Lansoprazole reduces the amount of acid your stomach makes. It's used for indigestion, heartburn, acid reflux and gastroesophageal-reflux-disease (GORD). Lansoprazole is also taken to prevent and treat stomach ulcers.
Sometimes, lansoprazole is taken for a rare condition caused by a tumour in the pancreas or gut called Zollinger-Ellison syndrome.
Lansoprazole is only available on prescription. It comes as capsules and tablets.
Who can and cannot take lansoprazole
Most adults and children can take lansoprazole.
Lansoprazole is not suitable for some people. To make sure it's safe for you, tell your doctor before taking lansoprazole if you:
- have ever had an allergic reaction to lansoprazole or any other medicines
- have liver problems
- are pregnant, trying to get pregnant or breastfeeding
- are due to have an endoscopy
If you're going to have an endoscopy, ask your doctor if you should stop taking lansoprazole a few weeks before your procedure. This is because lansoprazole may hide some of the problems that would usually be spotted during an endoscopy.
How and when to take lansoprazole
You'll usually take lansoprazole once a day, first thing in the morning.
If you take lansoprazole twice a day, take 1 dose in the morning and 1 dose in the evening.
Lansoprazole works best if you take it at least 30 minutes before a meal or snack. That's because food stops some lansoprazole getting into your system.
Dosage and strength
The usual dose to treat:
- indigestion is 15mg to 30mg a day
- acid reflux is 15mg to 30mg a day
- stomach ulcers is 15mg to 30mg a day
- Zollinger-Ellison syndrome is 60mg a day – this can increase to 120mg a day depending on how well it works for you
Doses are usually lower for children, older people and people with liver problems.
Each tablet or capsule contains 15mg or 30mg of lansoprazole.
How to take it
Swallow the tablets or capsules whole with a drink of water or juice.
If you have problems swallowing capsules, you can open lansoprazole capsules and mix the granules inside with a little water or fruit juice, or sprinkle them onto soft food, such as yogurt or apple puree, to help you swallow them.
Lansoprazole also comes as dispersible tablets that melt in your mouth.
Changes to your dose
Sometimes your doctor will increase your dose of lansoprazole if it's not working well enough.
Depending on the reason you take lansoprazole, you may take a higher dose to begin with, usually for a month or 2.
After this, your doctor may recommend that you take a lower dose.
How long to take it for
Depending on your condition, you may only need to take lansoprazole for a few weeks or months. Sometimes you might need to take it for longer, even many years.
Some people do not need to take lansoprazole every day and take it only when they have symptoms. Once you feel better (often after a few days or weeks), you can stop taking it.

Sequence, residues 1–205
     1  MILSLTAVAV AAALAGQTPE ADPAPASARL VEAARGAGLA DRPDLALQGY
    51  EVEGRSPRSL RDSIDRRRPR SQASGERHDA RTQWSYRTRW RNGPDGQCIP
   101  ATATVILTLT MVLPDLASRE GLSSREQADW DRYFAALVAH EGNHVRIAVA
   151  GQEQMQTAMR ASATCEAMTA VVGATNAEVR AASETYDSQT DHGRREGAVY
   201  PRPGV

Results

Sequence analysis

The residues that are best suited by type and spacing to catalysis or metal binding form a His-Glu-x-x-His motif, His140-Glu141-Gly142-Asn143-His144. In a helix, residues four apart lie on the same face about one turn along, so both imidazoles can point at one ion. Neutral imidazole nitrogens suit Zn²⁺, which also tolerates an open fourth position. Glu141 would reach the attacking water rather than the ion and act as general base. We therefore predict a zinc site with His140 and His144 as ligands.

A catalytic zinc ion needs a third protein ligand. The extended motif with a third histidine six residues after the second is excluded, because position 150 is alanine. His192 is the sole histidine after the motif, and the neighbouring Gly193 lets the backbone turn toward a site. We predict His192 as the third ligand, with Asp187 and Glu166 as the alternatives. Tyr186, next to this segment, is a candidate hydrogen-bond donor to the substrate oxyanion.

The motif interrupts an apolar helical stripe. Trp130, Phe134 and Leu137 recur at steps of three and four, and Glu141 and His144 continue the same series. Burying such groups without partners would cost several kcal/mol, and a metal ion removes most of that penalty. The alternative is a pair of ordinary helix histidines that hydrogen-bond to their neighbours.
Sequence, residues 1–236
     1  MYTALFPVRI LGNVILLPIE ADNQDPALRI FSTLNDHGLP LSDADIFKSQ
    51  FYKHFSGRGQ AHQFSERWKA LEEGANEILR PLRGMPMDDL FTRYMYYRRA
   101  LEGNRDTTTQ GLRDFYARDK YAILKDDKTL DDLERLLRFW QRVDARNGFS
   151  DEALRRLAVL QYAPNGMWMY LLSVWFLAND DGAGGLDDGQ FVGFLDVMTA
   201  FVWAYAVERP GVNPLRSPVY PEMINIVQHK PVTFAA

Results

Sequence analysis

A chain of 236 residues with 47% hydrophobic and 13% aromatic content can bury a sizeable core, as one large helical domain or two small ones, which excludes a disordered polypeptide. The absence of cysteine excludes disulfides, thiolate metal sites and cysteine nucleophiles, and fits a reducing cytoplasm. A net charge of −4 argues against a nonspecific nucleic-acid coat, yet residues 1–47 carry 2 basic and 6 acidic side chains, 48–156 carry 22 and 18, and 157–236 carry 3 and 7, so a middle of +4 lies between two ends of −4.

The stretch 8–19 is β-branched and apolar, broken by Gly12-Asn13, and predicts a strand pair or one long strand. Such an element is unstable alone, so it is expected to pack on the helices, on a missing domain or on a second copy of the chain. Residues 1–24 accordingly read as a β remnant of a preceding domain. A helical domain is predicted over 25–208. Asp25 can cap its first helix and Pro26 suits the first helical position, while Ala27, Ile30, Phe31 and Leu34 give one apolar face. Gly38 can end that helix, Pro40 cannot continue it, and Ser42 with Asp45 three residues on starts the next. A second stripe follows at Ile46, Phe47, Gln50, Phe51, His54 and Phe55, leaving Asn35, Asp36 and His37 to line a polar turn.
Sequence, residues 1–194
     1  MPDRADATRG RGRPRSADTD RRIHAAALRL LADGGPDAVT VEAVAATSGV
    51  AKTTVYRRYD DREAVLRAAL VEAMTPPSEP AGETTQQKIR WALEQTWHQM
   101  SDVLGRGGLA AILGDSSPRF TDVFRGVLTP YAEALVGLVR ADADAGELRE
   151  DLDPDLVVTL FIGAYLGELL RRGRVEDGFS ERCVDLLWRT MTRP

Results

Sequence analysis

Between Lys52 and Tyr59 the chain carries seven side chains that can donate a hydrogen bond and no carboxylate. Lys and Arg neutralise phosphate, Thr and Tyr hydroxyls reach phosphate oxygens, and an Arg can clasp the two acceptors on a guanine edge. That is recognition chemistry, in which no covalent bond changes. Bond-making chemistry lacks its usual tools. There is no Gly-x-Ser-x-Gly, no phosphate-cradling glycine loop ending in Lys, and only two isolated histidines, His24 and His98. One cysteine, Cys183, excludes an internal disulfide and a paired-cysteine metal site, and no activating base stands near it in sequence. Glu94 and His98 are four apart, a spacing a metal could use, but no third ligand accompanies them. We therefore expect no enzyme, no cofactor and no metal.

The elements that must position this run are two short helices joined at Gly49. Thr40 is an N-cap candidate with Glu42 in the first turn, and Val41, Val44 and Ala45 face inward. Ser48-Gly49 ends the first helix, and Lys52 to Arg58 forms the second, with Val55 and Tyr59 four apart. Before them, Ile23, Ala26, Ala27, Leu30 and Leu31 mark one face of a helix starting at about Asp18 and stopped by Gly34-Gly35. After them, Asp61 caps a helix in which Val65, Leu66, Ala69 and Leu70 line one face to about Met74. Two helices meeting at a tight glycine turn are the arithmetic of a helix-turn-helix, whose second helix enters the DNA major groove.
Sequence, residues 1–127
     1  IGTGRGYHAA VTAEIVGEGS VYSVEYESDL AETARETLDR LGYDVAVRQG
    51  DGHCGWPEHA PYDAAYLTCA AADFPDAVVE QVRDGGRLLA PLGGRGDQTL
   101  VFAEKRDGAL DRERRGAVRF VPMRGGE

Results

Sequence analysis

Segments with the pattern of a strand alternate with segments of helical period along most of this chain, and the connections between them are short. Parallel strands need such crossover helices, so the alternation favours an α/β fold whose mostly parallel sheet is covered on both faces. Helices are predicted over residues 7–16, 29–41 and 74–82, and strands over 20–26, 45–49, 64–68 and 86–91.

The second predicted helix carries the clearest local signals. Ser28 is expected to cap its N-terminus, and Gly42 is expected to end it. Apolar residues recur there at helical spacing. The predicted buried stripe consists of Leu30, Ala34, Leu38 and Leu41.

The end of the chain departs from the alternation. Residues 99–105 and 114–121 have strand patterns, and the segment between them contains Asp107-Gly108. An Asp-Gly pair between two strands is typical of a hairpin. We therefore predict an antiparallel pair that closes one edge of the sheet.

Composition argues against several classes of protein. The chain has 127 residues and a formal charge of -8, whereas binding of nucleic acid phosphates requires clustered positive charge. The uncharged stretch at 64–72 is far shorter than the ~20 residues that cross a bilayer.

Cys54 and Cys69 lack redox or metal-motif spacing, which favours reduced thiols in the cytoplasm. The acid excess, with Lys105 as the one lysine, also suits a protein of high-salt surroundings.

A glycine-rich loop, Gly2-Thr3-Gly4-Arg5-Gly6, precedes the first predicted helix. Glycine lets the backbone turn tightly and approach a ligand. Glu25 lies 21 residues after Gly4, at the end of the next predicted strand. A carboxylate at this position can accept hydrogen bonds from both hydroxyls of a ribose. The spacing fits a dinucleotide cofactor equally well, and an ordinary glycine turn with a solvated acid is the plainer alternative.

Taking lansoprazole for a short time to treat symptoms is not suitable for everyone. Discuss with your doctor what is best for you.
If you forget to take it
If you usually take lansoprazole:
- once a day, take the missed dose as soon as you remember, unless it is within 12 hours of your next dose in which case skip the missed dose and take the next one at the usual time
- twice a day, take the missed dose as soon as you remember, unless it is within 4 hours of your next dose in which case skip the missed dose and take the next one at the usual time
Do not take a double dose to make up for a forgotten one.
If you often forget doses, it may help to set an alarm to remind you. You could also ask your pharmacist for advice on other ways to remember to take your medicine.
If you take too much
It is very unlikely that taking 1 or 2 extra doses of lansoprazole will cause any problems.
If you take an extra dose, you might get some of the common side effects. If this happens or you're concerned, contact your doctor.
Most people who take lansoprazole do not have any side effects. If you do get a side effect, it is usually mild and will go away when you stop taking lansoprazole.
Common side effects
These common side effects may happen in more than 1 in 100 people.
Talk to your doctor or pharmacist if these side effects bother you or do not go away:
- feeling sick
- diarrhoea or being sick (vomiting)
- stomach pain
- itchy skin rashes
- feeling dizzy or tired
- dry mouth or throat
Serious side effects
Serious side effects are rare and happen in less than 1 in 1,000 people.
Call a doctor or contact 111 straight away if you have:
- joint pain along with a red skin rash, especially in parts of your body exposed to the sun, such as your arms, cheeks and nose (this may be less noticeable on brown or black skin) – these can be signs of a rare condition called subacute cutaneous lupus erythematosus. This can happen even if you've been taking lansoprazole for a long time
- stomach pain that seems to be getting worse – this can be a sign of an inflamed liver or pancreas
- severe or persistent diarrhoea – this can be a sign of an inflamed bowel
Go to 111.nhs.uk or call 111.
Serious allergic reaction